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  • Open Access

Do interleukin-28B single nucleotide polymorphisms influence the natural history of chronic hepatitis B?

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Journal of the International AIDS Society201013 (Suppl 4) :P205

https://doi.org/10.1186/1758-2652-13-S4-P205

  • Published:

Keywords

  • Hepatitis
  • Single Nucleotide Polymorphism
  • Natural History
  • Chronic Hepatitis
  • Case Control Study

Background

Single nucleotide polymorphisms (SNPs) nearby the IL28B gene have been associated with spontaneous hepatitis C virus (HCV) clearance and response to interferon-based therapies in both HCV-monoinfected and HIV-HCV co-infected patients. However, little is known about the impact of IL28B SNPs on HBV natural history.

Methods

A case control study was performed in which cases were HIV+ patients with chronic hepatitis B (HBsAg+ for >6 months). All were genotyped for the rs12979860 SNP (protective CC genotype). One control for each case was chosen among HIV patients with anti-HBs and anti-HBc. Controls were matched for gender and coinfection with HCV.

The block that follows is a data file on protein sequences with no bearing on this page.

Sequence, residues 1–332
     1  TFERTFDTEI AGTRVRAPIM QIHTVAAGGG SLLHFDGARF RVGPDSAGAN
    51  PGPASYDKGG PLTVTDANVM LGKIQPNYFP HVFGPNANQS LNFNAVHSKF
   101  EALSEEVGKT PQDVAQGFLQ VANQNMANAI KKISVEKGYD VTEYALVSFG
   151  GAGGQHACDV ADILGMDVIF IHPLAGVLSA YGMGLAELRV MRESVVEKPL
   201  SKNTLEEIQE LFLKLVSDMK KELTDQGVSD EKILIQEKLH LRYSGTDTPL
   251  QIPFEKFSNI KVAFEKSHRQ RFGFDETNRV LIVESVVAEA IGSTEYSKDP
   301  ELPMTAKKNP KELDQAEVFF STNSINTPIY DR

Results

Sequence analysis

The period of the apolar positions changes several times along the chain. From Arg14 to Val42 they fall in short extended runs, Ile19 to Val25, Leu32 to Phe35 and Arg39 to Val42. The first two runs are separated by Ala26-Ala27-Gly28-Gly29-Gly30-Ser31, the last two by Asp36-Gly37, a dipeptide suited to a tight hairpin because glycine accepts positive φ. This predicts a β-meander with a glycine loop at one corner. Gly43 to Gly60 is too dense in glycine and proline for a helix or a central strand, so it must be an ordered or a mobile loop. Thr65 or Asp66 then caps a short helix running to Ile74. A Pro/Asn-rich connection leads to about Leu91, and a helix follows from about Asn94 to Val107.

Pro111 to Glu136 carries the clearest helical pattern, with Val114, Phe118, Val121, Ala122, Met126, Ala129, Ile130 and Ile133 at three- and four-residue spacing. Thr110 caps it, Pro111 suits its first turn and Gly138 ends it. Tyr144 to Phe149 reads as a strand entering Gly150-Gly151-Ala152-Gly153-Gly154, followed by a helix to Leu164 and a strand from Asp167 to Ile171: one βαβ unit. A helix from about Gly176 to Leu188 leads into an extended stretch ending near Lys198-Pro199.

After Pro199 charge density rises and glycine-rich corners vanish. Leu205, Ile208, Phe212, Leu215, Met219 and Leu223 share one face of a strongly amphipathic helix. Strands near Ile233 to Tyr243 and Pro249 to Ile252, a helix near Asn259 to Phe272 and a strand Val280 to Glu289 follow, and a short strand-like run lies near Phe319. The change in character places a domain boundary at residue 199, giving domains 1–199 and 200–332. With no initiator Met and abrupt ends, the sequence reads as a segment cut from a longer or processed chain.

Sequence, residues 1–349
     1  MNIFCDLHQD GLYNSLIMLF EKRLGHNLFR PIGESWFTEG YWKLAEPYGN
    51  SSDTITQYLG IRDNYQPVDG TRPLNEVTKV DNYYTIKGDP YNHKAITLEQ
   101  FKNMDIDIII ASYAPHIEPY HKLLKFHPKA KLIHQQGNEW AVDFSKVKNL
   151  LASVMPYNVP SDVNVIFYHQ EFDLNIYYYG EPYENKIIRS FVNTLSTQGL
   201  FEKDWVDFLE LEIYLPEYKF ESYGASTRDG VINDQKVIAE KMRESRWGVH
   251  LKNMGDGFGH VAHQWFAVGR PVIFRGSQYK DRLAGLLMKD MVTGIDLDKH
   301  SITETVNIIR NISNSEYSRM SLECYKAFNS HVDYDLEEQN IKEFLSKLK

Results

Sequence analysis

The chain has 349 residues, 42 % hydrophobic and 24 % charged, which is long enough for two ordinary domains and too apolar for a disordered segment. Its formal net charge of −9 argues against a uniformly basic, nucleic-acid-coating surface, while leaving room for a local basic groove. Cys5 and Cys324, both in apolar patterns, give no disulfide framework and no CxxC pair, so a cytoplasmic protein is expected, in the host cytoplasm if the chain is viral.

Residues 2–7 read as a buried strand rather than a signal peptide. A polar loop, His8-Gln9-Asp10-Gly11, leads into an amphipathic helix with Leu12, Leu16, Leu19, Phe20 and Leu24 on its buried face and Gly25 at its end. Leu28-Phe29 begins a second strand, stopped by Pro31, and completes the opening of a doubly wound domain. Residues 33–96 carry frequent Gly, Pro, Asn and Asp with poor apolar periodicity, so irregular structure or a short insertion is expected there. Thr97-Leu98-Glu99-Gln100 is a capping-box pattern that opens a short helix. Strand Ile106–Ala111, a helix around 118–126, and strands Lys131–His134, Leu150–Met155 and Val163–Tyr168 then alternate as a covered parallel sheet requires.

Results

A total of 49 cases fit the inclusion criteria. Most were male (90%), with a median (IQR) age of 42.6 (39-46.7) years-old. Eighteen (36.7%) were or had been chronic infected by HCV. Among HBsAg+ patients, 19 (41.3%) were HBeAg+ and 13 (26.5%) were superinfected by the hepatitis delta virus (HDV). No differences were found in the distribution of CC genotypes when comparing patients with chronic hepatitis B and those who spontaneously cleared HBsAg (59.2% vs 44.9%, respectively; p=0.3).

Conclusions

There is no evidence for a beneficial role of the IL-28B CC genotype on the development of chronic hepatitis B in HIV-coinfected patients.

Authors’ Affiliations

(1)
Hospital Carlos III, Madrid, Spain

Copyright

© Martín-Carbonero et al; licensee BioMed Central Ltd. 2010

This article is published under license to BioMed Central Ltd. This is an open access article distributed under the terms of the Creative Commons Attribution License (http://creativecommons.org/licenses/by/2.0), which permits unrestricted use, distribution, and reproduction in any medium, provided the original work is properly cited.

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